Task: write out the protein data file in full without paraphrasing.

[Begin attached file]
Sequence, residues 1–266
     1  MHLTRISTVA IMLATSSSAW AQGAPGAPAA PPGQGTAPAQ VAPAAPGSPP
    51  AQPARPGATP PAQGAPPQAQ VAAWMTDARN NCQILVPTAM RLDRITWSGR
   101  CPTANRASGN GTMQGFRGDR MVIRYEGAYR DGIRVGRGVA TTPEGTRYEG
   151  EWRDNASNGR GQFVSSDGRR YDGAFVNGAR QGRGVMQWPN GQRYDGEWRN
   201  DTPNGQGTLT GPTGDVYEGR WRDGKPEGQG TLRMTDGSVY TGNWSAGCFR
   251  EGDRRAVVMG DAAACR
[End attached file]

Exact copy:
Sequence, residues 1–266
     1  MHLTRISTVA IMLATSSSAW AQGAPGAPAA PPGQGTAPAQ VAPAAPGSPP
    51  AQPARPGATP PAQGAPPQAQ VAAWMTDARN NCQILVPTAM RLDRITWSGR
   101  CPTANRASGN GTMQGFRGDR MVIRYEGAYR DGIRVGRGVA TTPEGTRYEG
   151  EWRDNASNGR GQFVSSDGRR YDGAFVNGAR QGRGVMQWPN GQRYDGEWRN
   201  DTPNGQGTLT GPTGDVYEGR WRDGKPEGQG TLRMTDGSVY TGNWSAGCFR
   251  EGDRRAVVMG DAAACR